“I know it didn’t make money, but it has more real movie in it than any other I did.”
Frank Capra, who in the early 30’s desperately wanted to win an Oscar, realized that the commercial romantic comedies he had been making would never be considered by the Academy and chose to make, in Columbia studio head Harry Cohn’s words, “arty junk” that usually wins awards. Despite his cynicism, Cohn allotted a million dollars to the project, the biggest budget so far for Columbia which was still considered a Poverty Row studio.
The story of unrequited love may also have had an appeal for Capra due to the fact that he had been rejected by Barbara Stanwyck, who is the star of The Bitter Tea of General Yen, and whom he fell in love and began an affair with during the shooting of their first film together, Ladies of Leisure (1930).
This may be Capra’s and frequent collaborator, cinematographer Joseph Walker’s most visually striking film. Its bold lighting and compositions often dominated by darkness seems closer in style to Josef von Sternberg than most of Capra’s other films.
The screenplay is based on a novel by Grace Zaring Stone in which a young American missionary, Megan, confronts her own racial prejudices and notions of white supremacy when she travels to China to wed her childhood sweetheart, also a missionary. As the film opens, a group of missionaries prepare for the marriage oblivious to the pain and suffering all around them. The story is set in Shanghai in the late 20’s during the Chinese Civil War. The missionaries make condescending and derogatory remarks about the Chinese for whom they’ve come to convert to their so-called superior way of life and values. Probably a large percentage of Western film audiences in 1933 were in agreement with the sentiments of the missionary characters and though it may seem at first that the film is reinforcing racial stereotypes its real mission is to shatter those stereotypes and show that the Chinese are human beings just like everyone else.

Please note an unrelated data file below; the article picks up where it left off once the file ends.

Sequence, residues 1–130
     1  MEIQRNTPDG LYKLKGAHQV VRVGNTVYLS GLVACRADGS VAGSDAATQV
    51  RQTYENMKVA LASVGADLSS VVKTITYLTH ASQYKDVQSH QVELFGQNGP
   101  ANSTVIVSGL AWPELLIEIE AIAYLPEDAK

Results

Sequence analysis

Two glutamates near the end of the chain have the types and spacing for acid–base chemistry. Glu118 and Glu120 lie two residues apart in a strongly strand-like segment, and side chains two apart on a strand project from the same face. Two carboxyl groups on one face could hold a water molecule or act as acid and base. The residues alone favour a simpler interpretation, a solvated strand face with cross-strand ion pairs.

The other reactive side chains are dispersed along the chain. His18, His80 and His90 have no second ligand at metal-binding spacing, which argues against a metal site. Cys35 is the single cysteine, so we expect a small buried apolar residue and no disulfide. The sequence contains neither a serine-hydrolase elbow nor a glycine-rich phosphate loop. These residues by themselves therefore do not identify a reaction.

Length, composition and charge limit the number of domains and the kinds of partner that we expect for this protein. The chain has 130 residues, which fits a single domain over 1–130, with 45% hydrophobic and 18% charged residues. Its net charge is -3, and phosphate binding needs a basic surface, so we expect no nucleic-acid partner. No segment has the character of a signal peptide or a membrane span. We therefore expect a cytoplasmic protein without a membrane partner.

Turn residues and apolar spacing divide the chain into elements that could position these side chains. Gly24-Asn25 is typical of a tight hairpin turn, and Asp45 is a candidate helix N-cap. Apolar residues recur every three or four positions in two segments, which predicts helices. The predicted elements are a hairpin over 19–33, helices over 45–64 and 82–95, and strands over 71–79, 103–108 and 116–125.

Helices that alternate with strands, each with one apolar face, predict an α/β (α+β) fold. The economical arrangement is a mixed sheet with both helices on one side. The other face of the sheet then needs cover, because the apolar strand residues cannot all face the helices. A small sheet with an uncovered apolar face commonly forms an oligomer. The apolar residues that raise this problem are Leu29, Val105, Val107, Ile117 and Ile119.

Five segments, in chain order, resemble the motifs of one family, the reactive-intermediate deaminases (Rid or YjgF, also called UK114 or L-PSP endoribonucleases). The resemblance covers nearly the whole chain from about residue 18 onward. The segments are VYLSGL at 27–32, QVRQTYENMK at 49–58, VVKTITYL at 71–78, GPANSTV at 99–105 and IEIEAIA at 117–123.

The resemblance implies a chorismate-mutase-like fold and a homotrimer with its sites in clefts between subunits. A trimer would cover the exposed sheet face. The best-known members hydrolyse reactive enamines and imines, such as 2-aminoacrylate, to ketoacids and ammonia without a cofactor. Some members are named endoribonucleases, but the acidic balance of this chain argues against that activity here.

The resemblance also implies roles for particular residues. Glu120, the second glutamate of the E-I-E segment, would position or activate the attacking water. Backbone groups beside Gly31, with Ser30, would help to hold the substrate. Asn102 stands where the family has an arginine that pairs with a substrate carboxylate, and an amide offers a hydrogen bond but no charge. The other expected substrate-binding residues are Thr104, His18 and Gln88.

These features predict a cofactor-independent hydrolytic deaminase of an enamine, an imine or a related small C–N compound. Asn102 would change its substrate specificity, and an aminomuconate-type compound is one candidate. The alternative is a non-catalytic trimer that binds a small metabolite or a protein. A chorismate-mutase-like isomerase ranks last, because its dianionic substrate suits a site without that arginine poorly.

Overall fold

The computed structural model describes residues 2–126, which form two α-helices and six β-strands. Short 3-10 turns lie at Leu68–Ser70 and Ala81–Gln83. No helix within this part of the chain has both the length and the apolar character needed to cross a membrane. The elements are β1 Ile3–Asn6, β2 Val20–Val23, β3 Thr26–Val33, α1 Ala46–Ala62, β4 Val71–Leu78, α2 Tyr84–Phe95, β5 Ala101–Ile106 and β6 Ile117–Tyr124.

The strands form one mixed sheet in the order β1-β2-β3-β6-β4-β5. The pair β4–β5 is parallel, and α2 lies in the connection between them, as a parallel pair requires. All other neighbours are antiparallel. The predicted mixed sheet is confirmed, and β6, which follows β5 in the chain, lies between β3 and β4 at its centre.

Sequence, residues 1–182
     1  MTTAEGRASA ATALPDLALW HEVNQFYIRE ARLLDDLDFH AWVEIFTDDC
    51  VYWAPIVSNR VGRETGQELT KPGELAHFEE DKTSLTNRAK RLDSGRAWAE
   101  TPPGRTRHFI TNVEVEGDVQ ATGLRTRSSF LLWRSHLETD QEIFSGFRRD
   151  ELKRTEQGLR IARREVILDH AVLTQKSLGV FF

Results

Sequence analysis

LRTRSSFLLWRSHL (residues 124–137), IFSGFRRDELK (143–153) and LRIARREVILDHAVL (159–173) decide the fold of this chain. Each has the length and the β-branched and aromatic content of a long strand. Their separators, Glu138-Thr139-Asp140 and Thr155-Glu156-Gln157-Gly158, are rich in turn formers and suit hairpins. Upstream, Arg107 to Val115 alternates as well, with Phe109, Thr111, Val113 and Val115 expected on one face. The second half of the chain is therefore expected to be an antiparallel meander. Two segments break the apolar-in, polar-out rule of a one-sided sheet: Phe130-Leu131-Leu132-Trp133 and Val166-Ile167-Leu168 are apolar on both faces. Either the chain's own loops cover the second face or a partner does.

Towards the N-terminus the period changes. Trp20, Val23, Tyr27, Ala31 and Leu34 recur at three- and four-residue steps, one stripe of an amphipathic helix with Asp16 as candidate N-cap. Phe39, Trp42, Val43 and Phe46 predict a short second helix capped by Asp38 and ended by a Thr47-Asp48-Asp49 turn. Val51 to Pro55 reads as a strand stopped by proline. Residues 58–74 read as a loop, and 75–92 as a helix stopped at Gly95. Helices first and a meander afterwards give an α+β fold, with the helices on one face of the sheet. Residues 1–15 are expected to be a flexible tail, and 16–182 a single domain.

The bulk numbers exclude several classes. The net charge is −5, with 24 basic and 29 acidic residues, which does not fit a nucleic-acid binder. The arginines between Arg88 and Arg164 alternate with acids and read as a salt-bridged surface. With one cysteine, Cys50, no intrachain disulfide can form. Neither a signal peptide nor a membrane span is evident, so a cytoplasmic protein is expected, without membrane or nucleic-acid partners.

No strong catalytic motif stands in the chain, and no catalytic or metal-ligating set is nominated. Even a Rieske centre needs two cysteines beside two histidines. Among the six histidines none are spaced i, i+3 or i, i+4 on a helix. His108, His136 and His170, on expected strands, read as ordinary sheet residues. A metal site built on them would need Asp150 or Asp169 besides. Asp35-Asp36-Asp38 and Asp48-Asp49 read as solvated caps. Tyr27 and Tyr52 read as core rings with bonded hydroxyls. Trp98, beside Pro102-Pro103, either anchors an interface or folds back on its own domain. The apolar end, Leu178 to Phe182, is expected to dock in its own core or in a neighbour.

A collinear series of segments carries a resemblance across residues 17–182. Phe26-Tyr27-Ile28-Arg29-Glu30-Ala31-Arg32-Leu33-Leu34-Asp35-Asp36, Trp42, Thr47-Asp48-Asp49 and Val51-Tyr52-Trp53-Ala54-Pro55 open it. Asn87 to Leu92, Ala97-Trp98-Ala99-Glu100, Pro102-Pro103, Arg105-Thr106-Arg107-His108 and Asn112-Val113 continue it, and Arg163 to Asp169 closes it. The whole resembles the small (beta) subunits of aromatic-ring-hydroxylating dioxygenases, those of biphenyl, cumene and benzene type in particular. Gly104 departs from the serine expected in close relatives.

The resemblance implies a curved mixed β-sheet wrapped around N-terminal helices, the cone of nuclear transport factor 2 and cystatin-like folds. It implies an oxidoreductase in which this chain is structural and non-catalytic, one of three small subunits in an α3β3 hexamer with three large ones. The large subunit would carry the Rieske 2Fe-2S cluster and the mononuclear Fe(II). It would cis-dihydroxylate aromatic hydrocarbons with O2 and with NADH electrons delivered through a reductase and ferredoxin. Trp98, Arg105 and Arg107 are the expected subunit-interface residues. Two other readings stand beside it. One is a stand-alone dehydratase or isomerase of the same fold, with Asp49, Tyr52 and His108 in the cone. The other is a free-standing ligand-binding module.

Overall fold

Before the marriage can take place, Megan and her fiancé rush off the save some orphans that are in danger. In the chaos of the war they’re separated and she’s knocked unconscious. When she awakes she finds she’s been rescued/kidnapped by General Yen, a Chinese warlord. Yen is ruthless when it comes to dealing with his enemies but he behaves with Megan like a perfect gentleman. Though she rebuffs his attempts to seduce her, a dream sequence reveals that she harbors a sexual desire for the General. He manages to reveal Megan’s hypocrisy more than once. On one occasion after she states that “we’re all of one flesh and blood”, he puts his hand on hers but she quickly withdraws it.
This miscegenous aspect of the story was probably the main reason it failed at the box office. It probably couldn’t even have been made after the Hays Code went into effect the following year. In 1950 when Columbia tried to reissue the film the Production Code Administration found that the subject matter was “very questionable” and it wasn’t rereleased.
Besides the interracial love affair they also objected to the characterizations of Americans in the film. Yen’s financial advisor is an American war profiteer who is the personification of American imperialism which has always used the pretext of spreading liberty while pursuing hidden agendas. Perhaps this shouldn’t come as a surprise considering that at the time even Capra’s It’s a Wonderful Life (1946) was thought to be communist propaganda by the FBI and the HUAC due to the fact that it portrayed a banker in an unfavorable light.
Capra managed to win Oscars and help Columbia on its way to becoming a major studio the following year with, ironically enough, the romantic comedy It Happened One Night. He would return to the theme of east meets west in Lost Horizon (1937) where once again the perceived superiority of the Western way of life is called into question.
The Bitter Tea of General Yen at imdb.com
As of October, 2016 The Bitter Tea of General Yen is available to rent on DVD from ClassicFlix.com.